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In Walpole, the family of Andrew Bacevich has issued a statement calling the 27-year-old a "born leader" who died in the service of his country.
Bacevich, a First Lieutenant in the US Army, was killed in Iraq on Sunday when an explosive detonated near his combat unit.
His father, also Andrew Bacevich, is a retired Army Lieutenant Colonel. Now a Professor of International Relations at Boston University, Bacevich is a vocal critic of the war his son was fighting in Iraq. Here's WBUR's Fred Thys with more on their story.TEXT OF STORY
FRED THYS: Andrew Bacevich, the father, has described himself as a traditional conservative, and as such, he opposes the use of the armed forces unless America's vital interests are at stake. Here he is on On Point recently, talking about what the war in Iraq has done to American society.
ANDREW BACEVICH: One of the ironic aspects of the new American militarism is that it doesn't lead all of us citizens to rush down to our local recruiter, so that we can join up. On the contrary, this militarism has expressed itself in a national policy really almost unanimously endorsed, to contract out the function of national defense to a very small, relative to the size of the population, professional elite, and the rest of us basically cheer from the sidelines.
THYS: Bacevich was not among those who cheered, and, having served in Vietnam and with a son fighting in Iraq, he has not been on the sidelines. On Mothers' Day, the war came home to the Bacevich family in Walpole with news that First Lieutenant Andrew Bacevich had been killed in Iraq. His three sisters want to talk about him, but away from their parents' home. Their parents, they say, are too heartbroken to talk. They agree to meet in a coffee shop on Route 1. His sisters Amy and Jennifer recall his last homecoming, on leave, in February.
JENNIFER BACEVICH: And I think he was very tired, because of the physical and emotional stress that the war put him through.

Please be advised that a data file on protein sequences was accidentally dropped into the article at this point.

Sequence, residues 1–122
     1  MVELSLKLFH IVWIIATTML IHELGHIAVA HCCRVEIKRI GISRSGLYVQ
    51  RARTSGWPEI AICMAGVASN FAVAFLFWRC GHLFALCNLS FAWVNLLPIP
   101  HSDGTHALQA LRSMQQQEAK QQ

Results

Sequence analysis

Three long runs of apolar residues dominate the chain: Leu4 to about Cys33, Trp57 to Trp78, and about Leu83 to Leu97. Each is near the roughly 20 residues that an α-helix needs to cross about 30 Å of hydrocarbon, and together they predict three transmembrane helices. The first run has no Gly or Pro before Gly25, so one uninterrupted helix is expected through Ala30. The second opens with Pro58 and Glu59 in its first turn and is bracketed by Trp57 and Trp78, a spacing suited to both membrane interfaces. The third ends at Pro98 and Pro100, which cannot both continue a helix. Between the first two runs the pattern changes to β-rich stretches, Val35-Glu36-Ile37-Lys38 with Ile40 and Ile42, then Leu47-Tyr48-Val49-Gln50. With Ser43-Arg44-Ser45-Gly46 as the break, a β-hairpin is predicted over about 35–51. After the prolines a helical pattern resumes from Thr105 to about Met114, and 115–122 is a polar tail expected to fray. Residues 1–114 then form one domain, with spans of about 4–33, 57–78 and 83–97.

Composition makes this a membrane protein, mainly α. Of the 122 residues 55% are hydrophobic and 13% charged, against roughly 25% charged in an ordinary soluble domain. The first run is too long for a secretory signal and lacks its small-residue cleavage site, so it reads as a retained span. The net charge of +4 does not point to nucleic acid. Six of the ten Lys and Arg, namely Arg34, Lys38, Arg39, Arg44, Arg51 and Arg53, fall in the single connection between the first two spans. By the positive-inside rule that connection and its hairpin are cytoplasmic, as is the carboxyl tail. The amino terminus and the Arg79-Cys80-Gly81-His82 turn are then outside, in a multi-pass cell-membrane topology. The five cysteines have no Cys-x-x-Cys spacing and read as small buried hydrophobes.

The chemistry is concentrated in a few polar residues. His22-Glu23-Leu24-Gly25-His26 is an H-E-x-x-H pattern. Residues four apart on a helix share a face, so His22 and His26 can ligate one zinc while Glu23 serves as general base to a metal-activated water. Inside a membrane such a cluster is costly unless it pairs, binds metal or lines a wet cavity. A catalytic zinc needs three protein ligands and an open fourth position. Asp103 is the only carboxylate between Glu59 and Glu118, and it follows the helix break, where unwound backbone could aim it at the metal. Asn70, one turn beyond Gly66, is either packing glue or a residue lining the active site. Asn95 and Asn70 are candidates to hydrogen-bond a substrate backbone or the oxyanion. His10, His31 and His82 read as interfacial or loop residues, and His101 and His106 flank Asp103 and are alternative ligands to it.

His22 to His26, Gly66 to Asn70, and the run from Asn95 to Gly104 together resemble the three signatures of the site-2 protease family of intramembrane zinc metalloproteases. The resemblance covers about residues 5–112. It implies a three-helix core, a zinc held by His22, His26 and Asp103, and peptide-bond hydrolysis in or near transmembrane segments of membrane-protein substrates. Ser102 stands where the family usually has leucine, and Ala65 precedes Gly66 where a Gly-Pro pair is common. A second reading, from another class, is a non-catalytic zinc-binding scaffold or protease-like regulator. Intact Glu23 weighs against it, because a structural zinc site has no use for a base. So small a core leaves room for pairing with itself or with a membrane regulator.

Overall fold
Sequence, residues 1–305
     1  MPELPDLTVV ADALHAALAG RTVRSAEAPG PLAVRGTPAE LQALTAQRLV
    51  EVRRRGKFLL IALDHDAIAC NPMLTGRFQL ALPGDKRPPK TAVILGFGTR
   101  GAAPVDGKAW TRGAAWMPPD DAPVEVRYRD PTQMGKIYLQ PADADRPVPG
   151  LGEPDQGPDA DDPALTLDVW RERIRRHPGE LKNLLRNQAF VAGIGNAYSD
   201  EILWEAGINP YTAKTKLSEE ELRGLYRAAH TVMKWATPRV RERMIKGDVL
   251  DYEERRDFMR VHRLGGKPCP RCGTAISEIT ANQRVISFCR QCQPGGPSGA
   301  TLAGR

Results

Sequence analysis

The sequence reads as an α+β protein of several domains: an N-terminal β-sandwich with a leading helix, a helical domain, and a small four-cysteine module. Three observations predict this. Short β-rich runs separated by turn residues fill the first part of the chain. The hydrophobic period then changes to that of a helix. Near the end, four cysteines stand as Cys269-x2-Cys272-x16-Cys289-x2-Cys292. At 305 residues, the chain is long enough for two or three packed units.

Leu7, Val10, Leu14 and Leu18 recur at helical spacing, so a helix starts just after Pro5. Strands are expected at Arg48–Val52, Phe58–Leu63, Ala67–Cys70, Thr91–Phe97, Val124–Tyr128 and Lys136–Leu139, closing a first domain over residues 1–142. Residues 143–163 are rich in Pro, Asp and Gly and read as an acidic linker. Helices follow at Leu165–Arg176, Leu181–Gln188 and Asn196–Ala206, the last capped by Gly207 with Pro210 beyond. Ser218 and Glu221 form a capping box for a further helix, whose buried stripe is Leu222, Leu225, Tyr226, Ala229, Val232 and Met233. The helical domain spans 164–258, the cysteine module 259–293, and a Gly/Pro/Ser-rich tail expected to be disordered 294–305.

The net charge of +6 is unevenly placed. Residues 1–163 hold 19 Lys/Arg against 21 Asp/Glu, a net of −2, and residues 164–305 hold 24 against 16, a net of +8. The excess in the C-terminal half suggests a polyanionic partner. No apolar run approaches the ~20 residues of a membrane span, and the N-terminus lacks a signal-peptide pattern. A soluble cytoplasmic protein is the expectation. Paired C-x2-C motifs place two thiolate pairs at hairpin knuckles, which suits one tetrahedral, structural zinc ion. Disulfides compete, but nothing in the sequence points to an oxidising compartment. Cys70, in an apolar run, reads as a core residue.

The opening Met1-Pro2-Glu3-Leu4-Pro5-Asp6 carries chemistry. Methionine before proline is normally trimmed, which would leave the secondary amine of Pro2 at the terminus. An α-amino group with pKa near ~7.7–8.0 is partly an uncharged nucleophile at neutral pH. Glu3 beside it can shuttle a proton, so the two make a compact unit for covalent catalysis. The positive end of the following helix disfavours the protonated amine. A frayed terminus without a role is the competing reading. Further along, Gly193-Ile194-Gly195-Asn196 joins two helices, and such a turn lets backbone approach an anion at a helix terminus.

AMY BACEVICH: He was pretty closed-mouthed about a lot of things, but it was clear that the work was very hard.
JENNIFER: I also think that he could see that the democracy in Iraq is not an overnight business, and so I think for him, especially given his background in politics, he may have felt some frustration.
THYS: After graduating from Boston University in 2003, Bacevich went to work first for his hometown State Senator, Jo-Ann Sprague, and then as a legislative aide for Governor Mitt Romney. Amy, at 31, the middle sister, says her brother was extremely charismatic, and might have gone back to politics when he left the Army.
AMY: People were really drawn to him. He was a good-looking guy. He was funny. He was energetic, and there was nobody that didn't like him. He was just a likeable guy.
THYS: Jennifer, at 34 the oldest, says Bacevich was born in West Point while his father, a Lieutenant Colonel, taught there.
JENNIFER: And because of my father's military career, we would move probably an average of every two years until he was thirteen, and that's when my father retired from the Army.
THYS: That's when Colonel Bacevich started to teach at Johns Hopkins University. They lived in the suburbs of Washington, and Andy Bacevich went to school at The Heights, a private day school in Potomac, Maryland. Katie, at 22, the youngest sister, says her brother played soccer through high school.